In conclusion, the formation of one’s identity has many components. Beginning at the onset of adolescence and continuing to expand, grow and form and reform as we live through the struggles or success of life. Many theorists have endeavored to clarify the development of identity formation. However, Erik Erickson offered one significant theory involving the formation of one’s identity. Expounding on Erickson theory, Marcia developed his Identity Status Model according to the existence or absence of crisis and commitments. These four statuses, diffusion, foreclosure, moratorium and achievement can combine in various ways to produce a self. One’s sense of identity is determined largely by the choices and commitments made, therefore, having a well-developed sense of self can provide an individual with insight to their strengths, weaknesses, and individual uniqueness. An individual that finds themselves
During this stage, Erikson believes that the individual’s successful identity formation relies on social, cognitive and physical maturation (Pittman, Keiley, Kerpelman, & Vaughn, 2011). The individual tries out different roles for who they see in themselves and who they portray to others, eventually committing to their own personal role and occupational choice. Pittman et al. (2011) describe the identity formation as “consisting of decisions, investments, and commitments tied to current and future roles, goals, and relationships.” Additional considerations for identity formation include the context of the culture which is available to the adolescent during this time. After successful resolution of this stage during adolescence, individuals will typically progress into Erikson’s Intimacy versus Isolation stage during young
Erik H. Erikson was born on June 15th, 1902, near Frankfurt, Germany. He never knew his mother’s first husband or his birth father (Engler, 153). His mother then married a pediatrician, who adopted Erik and gave him his last name. His parents concealed the fact of his adoption from him for many years, in which Erikson later called, “a loving deceit.” Ironically, the man who was famous for the term “identity crisis” was experiencing himself a significant identity crisis during his childhood. Erikson struggled with both the quest for his psychological identity and that of his biological identity. The fact that Erikson was raised in a Jewish home, but his genetic backg...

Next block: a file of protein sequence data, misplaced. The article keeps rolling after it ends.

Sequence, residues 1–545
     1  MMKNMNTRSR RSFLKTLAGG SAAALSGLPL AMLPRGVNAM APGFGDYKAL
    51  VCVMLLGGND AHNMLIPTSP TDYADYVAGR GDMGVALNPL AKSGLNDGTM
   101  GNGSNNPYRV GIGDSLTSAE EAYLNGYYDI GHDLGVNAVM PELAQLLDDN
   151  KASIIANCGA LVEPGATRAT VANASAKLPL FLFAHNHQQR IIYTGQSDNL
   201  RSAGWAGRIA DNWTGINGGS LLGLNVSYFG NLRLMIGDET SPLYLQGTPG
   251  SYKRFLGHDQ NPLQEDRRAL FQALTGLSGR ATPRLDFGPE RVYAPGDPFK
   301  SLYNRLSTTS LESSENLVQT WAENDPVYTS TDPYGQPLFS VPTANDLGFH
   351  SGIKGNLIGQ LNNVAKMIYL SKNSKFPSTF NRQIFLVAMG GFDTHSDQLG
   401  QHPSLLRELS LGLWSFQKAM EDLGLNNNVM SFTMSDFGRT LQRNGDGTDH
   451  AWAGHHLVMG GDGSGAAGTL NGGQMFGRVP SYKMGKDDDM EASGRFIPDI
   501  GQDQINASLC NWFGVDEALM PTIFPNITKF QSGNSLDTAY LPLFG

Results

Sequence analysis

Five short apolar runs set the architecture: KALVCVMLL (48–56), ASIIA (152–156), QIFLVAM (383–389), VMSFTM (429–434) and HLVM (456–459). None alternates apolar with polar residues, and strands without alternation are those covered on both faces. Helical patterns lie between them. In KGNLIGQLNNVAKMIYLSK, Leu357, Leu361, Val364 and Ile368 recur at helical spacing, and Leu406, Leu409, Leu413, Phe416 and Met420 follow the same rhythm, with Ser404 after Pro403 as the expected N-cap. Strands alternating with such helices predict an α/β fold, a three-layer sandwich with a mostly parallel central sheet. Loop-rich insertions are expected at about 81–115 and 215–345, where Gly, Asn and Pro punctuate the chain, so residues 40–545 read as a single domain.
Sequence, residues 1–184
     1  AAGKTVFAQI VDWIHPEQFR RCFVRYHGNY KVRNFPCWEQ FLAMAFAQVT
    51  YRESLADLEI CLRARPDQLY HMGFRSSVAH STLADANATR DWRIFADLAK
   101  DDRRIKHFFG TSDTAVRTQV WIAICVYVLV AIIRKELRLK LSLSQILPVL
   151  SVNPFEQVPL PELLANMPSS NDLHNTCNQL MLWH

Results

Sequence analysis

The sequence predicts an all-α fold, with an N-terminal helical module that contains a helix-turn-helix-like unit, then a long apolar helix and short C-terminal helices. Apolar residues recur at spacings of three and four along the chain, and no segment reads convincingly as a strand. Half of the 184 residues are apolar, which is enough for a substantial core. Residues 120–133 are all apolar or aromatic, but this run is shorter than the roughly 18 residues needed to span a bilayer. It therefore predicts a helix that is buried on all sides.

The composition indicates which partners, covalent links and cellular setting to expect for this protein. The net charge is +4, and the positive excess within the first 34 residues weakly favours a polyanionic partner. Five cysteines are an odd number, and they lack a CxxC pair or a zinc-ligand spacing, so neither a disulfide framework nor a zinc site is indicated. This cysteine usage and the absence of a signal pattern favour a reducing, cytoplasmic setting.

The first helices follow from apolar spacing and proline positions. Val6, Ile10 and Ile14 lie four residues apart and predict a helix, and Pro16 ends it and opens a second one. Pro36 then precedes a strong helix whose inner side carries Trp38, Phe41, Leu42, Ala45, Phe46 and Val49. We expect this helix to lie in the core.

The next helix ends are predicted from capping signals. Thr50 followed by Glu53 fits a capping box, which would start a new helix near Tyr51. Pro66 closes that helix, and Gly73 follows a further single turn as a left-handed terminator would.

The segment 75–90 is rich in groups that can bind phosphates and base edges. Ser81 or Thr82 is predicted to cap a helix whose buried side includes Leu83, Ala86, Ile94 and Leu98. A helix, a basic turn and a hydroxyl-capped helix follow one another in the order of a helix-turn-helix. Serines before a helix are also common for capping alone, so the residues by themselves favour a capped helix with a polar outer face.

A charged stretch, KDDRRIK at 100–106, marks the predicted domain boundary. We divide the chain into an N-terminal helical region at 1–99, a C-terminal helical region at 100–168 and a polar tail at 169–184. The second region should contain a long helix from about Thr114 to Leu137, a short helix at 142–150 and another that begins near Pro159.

The fifth stage, according to Erik Erikson psychoanalytic theory of development is the Identity Vs Identity confusion. The stage occurs during adolescence in the ages between 12 to 18 years. At this stage, the adolescents try to find a sense of personal and self-identity by intensely exploring their personal goals, beliefs, and values (McLeod, 2017). Notably, the adolescence is between childhood and adulthood. Thus, their mind is between the morality learned during childhood and the ethics they are trying to develop into adulthood. The transitioning from childhood to adulthood is the most important development for a person because the individual is becoming independent and is focusing on the future regarding career, relationships, families
This assignment’s main focus will be centred on Erikson’s theory of psychosocial development, which consists of eight stages however only the fifth stage ‘identity versus role confusion’ will be discussed. Aspects such as identity crises, exploration of autonomy whilst developing a sense of self, factors that may contribute to identity formation as well as the successful/unsuccessful resolution of this particular stage will be discussed thoroughly. Erikson’s theory was also expanded by James Marcia, who identified certain identity statuses. The discussion will then progress to the psychosocial development of a case study based on Anna Monroe in connection to the difficulties she faced, such as gender, sexuality, peer pressure,
In Erikson’s Identity vs. Role Confusion stage, I thought, “Who am I?” countless times like many other adolescents. I occupied much of my time trying to construct a firm identity of myself, which I now realized did more harm than good. Letting myself explore different interests would have helped me find my identity than me trying to fake some firm identity.